Sunday, February 22, 2015

Firers at the Ready

Another Sunday afternoon, another brief hobby update. Managed to tidy up the last remaining dorf crossbowmen this week, so the army is very nearly done. If I keep telling myself that, hopefully I will put the wrap on the whole thing sooner than later, right?
Dwarf Crossbowmen; Hasslefree (left and center) and Reaper (right)
The first two in this pic are yet more squeeky-clean sculpts from the talented hands of Kev White at Hasslefree. The last fella is my final Reaper dwarf, again looking a bit "heroic" in scale for my tastes, but that's the basic schtick for humanoids in the Dark Legends line.

Here's the full unit, arranged skirmisher stylie for your perusal (and my documentation):

Trompin' through the gravel of Ye Olde Worlde. P-Choo! P-Choo!
Wish I had something more important to say than "Hey! Look what I done!" Not feeling particularly deep or wordy these days.

Hope your world is either suitably characterful or 'orribly grimdark, whatever you fancy these days. Take care, brethren.

Sunday, February 15, 2015

A Tough Pill To Swallow

This week's hobby goodness features one of my ten favorite Citadel miniatures of all time, Brian Nelson's incredible orc shaman. To me, this mini always stood as a kind of island of old-school character amid an ocean of slack-jawed, GIANT-AXE!!!'d, skull-festooned silliness that the greenskins turned into at Citadel circa 1997.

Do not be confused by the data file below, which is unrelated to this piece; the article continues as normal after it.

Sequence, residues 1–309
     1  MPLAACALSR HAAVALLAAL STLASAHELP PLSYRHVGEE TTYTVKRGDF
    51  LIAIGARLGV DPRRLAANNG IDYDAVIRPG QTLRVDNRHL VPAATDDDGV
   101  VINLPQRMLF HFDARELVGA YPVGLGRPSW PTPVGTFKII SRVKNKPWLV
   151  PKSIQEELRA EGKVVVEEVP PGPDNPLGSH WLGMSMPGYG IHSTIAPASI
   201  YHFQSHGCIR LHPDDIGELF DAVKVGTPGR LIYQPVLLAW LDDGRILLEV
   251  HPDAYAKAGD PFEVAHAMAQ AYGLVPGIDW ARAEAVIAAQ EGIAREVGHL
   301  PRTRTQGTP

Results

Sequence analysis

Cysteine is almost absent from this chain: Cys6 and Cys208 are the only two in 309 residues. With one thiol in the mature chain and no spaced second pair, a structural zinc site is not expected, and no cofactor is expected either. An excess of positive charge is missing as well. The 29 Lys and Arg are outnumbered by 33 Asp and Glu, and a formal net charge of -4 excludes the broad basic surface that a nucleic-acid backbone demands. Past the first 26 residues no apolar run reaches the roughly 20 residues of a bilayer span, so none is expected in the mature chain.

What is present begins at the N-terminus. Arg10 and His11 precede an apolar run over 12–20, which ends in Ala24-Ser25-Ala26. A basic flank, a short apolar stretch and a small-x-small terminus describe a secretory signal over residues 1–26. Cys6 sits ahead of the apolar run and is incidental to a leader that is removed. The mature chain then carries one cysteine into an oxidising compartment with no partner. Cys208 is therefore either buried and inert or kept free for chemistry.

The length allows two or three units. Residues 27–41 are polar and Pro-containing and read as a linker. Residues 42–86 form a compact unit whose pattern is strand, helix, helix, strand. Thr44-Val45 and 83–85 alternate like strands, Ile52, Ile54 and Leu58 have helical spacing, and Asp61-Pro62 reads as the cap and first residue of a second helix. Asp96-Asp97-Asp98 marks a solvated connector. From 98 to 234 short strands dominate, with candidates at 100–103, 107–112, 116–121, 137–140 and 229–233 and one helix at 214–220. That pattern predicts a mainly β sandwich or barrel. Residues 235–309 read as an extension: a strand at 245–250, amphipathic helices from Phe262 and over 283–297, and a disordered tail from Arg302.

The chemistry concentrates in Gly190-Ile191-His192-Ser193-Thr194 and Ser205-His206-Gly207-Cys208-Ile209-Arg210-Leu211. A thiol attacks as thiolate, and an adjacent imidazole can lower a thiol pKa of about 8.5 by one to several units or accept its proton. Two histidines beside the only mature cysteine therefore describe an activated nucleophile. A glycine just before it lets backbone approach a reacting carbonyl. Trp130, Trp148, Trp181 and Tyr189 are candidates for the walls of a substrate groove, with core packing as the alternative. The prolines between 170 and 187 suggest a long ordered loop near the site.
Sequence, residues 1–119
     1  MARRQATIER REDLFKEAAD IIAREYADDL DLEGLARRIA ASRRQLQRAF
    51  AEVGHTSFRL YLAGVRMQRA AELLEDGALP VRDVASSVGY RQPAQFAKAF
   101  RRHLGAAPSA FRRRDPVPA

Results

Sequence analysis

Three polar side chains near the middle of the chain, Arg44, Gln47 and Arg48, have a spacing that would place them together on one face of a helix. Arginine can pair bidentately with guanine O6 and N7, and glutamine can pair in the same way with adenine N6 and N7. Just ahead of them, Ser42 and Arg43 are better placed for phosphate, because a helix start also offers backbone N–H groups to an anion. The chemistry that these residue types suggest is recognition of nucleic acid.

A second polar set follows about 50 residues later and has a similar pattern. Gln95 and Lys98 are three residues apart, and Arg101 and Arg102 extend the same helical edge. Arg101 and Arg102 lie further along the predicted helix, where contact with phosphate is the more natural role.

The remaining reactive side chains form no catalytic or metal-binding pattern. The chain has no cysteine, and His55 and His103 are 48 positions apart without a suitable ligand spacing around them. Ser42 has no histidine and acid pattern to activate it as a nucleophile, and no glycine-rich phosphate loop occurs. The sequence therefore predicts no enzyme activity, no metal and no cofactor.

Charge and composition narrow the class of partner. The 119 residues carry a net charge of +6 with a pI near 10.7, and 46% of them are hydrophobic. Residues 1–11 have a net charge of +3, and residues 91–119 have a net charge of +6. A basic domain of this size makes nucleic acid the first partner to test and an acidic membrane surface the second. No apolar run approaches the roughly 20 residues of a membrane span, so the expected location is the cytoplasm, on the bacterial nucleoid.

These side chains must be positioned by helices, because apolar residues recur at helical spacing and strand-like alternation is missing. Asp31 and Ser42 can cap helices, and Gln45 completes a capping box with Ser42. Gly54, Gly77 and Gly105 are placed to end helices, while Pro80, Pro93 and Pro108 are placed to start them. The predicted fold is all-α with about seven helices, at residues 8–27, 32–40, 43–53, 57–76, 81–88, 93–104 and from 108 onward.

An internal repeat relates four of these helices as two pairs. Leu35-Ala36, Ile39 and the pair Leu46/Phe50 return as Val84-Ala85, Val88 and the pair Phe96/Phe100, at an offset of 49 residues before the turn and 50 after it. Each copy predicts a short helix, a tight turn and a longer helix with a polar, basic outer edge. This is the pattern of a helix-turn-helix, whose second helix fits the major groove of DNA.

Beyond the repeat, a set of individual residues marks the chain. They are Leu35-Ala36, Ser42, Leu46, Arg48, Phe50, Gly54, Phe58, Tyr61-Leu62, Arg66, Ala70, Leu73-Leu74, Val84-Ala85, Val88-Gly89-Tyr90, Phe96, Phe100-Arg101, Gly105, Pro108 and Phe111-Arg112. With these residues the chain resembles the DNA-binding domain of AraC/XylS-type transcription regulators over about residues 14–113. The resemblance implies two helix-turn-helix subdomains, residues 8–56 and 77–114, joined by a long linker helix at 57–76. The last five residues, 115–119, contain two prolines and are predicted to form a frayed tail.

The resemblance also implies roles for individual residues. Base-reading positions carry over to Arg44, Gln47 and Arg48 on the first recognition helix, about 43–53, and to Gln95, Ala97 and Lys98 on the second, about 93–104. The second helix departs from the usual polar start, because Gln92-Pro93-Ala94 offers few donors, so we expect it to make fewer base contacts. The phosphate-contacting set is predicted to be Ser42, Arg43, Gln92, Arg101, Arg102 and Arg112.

Citadel Orc Shaman; sculpted by Brian Nelson

My copy, bought as usual at great discount on eBay, lacked the sweet short sword on his back, so I had to sculpt a wee waterskin to hide the peg and open area on his back where the sword was supposed to go:

Given my extremely limited sculpting skillz, I am pretty happy with how the flask turned out.

The reason for the post title today, though, is because of an utter failure on my part to see this great mini through to its planned finish. I really wanted to do a nice checkerboard pattern on the hood opening around the face and on the sleeve ends, but after attempting said pattern six separate times, re-basecoating and starting over each time, I finally threw in the towel and went for this rather drab finish instead.

A few years ago now, I painted these Harlequins up, and they were covered almost head to toe in various check patterns:

So, I thought I'd be able to paint a little black and white patterning with no problemo. Perhaps it was the extremely folded and curved surfaces on the orc's robes, but I think my utter failure has more to do with my advancing age/decreasing eyesight/failing patience .No matter what I tried, or how slowly I went, I ended up each attempt just looking like a very messy painter. Oh well. The shaman will fit into a Skulldred warband just fine as he is. Alas.

It was not an easy thing for me to decide mid paint-project that my plans were too ambitious for my talent and skill to see through. I am sure it won't be the last time, unfortunately. . .

On the topic of Harlequins (by the way), GW finally listened to the 4 bajillion email, forum posts, and comments made in retail stores I have made over the years on the subject and announced this week that the Harlies are finally going to be their own army, with a brand-new hardbound codex (do they still call them that? Dunno.). I assume that there will be several plasticrud sets released as well, to go along with the $60 army book and $30 painting guide coming out in a few weeks.

Too little, too late for me, I'm afraid. I admit I got a little excited at first, but those price tags just hammered home how done with the current iteration of GW I am. When I paint more harlies, it will be my old metal Jes Goodwin figs languishing for too long in the pile. My checkerboard patterns will probably end up looking like crap, but I'll still love them so much more.

//End grumpy old man rant.

Until next time, brethren- may the paint brush gods grant you a nice pointy, hairy bit every time you need it.

Saturday, February 7, 2015

Brain Games